After doubling its solar energy capacity in 2016, China has been crowned the world’s biggest producer of the renewable energy resource.
Pretty impressive for a country that is also the biggest producer and consumer of the fossil fuel, coal.
Timeline for China
- October 23, 2017
- October 19, 2017
- October 18, 2017
According to China’s National Energy Administration (NEA), the country’s installed photovoltaic (PV) or solar energy capacity, rose to 77.42 gigawatts at the end of 2016. This is part of the plan by the NEA to add more than 110 gigawatts of capacity in the 2016-2020 period.
Thanks to the increase in PV capacity, solar planets generated 66.2bn kilowatt-hours (kWh) of power last year, accounting to around one percent of China’s total power generation.
Beijing has also pledged to cut coal use by 30 percent this year in order to fight the notorious fog surrounding the city.
According to a report published by GlobalData, the global renewable energy market is forecast to be worth $957.5bn in 2020, and the future for global renewable energy “looks bright”. This is in part driven by the growth of renewable energy in major Asian economies, including China. Asia-Pacific currently accounts for 41.3 percent of the global renewable energy market value, approximately $248.5bn in 2015.
It is positive to see one of the biggest producers of fossil fuel taking such steps to invest more in renewable energy. The news comes after the former head of the US president’s transition team at the Environmental protection agency, Myron Ebell, said Trump is set to pull out of the Paris Agreement – which aims to reduce global greenhouse gas emissions.
At a press briefing in London last week, Ebell said: “I expect Donald Trump to be very assiduous in keeping his promises, despite all of the flack he is going to get from his opponents. He could do it by executive order tomorrow, or he could wait and do it as part of a larger package.”
Bob Ward, policy and communications director at the Grantham Research Institute on climate change and the environment, at the London School of Economics (LSE), told Verdict it would be a “serious blow” to the agreement if the US pulled out as it is the second biggest emitter of greenhouse gases in the world, behind China.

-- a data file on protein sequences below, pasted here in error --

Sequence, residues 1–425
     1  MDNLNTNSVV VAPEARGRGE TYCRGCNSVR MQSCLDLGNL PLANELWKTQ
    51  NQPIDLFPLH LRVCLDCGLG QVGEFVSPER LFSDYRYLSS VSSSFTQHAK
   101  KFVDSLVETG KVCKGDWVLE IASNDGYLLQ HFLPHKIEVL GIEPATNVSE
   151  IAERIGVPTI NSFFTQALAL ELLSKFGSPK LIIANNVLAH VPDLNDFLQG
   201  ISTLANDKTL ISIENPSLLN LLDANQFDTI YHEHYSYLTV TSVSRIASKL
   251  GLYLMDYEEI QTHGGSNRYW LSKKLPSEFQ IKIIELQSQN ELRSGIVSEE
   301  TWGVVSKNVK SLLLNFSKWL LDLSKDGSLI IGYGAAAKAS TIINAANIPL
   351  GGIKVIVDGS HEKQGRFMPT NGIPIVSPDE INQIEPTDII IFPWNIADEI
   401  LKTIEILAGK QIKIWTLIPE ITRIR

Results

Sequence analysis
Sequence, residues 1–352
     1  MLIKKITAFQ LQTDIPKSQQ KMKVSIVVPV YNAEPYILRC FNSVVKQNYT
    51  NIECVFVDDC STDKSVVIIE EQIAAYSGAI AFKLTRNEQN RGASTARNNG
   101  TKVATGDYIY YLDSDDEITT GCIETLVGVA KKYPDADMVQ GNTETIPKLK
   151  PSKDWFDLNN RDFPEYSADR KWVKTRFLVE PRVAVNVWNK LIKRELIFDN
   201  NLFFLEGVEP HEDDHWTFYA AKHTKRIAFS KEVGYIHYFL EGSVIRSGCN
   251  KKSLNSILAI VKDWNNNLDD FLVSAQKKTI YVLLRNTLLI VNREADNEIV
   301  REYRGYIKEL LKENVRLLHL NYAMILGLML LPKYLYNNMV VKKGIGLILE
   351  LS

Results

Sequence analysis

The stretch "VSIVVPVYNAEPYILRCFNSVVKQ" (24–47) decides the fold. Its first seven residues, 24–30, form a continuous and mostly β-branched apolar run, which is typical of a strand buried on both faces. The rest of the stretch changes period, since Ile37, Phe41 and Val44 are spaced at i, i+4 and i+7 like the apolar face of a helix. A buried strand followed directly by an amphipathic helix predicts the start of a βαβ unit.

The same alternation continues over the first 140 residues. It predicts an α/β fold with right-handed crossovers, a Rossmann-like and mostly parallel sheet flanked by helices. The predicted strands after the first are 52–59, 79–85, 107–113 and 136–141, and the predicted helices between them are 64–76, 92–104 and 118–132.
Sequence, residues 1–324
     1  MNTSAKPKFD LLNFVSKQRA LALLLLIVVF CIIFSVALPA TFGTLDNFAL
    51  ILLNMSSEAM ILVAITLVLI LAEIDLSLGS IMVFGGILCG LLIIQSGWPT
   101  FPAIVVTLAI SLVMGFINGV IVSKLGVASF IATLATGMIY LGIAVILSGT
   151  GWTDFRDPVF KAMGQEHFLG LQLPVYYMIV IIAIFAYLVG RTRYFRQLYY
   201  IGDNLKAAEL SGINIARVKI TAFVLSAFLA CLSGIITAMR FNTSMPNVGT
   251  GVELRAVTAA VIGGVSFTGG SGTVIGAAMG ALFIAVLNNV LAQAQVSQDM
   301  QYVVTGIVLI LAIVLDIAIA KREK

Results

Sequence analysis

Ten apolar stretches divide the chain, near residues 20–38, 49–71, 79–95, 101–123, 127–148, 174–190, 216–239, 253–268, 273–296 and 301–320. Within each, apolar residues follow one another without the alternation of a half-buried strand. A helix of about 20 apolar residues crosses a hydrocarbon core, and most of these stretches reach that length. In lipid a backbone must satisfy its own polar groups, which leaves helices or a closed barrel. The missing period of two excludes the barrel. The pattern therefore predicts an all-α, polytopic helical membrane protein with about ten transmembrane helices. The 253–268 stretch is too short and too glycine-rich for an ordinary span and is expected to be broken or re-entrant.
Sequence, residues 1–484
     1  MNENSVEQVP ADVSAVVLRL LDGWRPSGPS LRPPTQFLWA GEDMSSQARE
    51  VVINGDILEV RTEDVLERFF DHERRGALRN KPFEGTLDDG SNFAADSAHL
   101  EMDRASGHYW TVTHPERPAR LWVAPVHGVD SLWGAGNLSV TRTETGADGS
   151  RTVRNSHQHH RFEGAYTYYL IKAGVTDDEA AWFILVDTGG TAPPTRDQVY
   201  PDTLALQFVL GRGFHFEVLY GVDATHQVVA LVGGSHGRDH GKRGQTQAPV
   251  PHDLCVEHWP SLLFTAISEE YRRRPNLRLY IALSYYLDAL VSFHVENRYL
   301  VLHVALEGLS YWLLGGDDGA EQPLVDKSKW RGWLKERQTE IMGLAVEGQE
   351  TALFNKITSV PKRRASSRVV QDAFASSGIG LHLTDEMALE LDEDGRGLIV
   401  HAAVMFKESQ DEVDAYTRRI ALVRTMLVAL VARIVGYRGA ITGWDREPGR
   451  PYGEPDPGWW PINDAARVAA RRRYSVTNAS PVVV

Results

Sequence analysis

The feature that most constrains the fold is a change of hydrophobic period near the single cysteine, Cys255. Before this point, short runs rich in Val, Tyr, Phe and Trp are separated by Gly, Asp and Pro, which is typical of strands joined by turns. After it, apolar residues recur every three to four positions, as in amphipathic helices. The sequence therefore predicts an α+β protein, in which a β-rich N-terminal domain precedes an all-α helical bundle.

The State of Technology This Week
With the advent of the Paris Agreement, regardless if the US does decide to withdraw itself, renewable energy is becoming a larger focus for governments around the world. A recent report by Greenpeace demonstrated that the UK could be entirely powered by solar energy, if solar panels were installed on about 827km2 worth of land in the UK. This amounts to only 0.3 percent of total land space.
According to government data from 2015, UK homes consume about 103.2bn kWh of electricity over the course of the year. An average solar panel installation produces 3,400 kWh per year. This means a total installation of 31.8m solar panels would be able to power the UK annually – which equates to an area half the size of Greater London.
In addition, the island of Ta’u, in American Samoa, shows that living completely off solar power isn’t that much of a stretch.
The island, more than 4,000 miles from the United States’ West Coast, is powered entirely by a solar power and battery storage-enabled microgrid.
The microgrid is made up of 1.4 megawatts of solar generation capacity from Musk’s SolarCity and Tesla, as well as six-megawatts of battery storage from 60 Tesla powerpacks.
The location of the island off the West Coast helps its ability to harness the Sun’s rays; however it demonstrates where the future of solar energy could take us.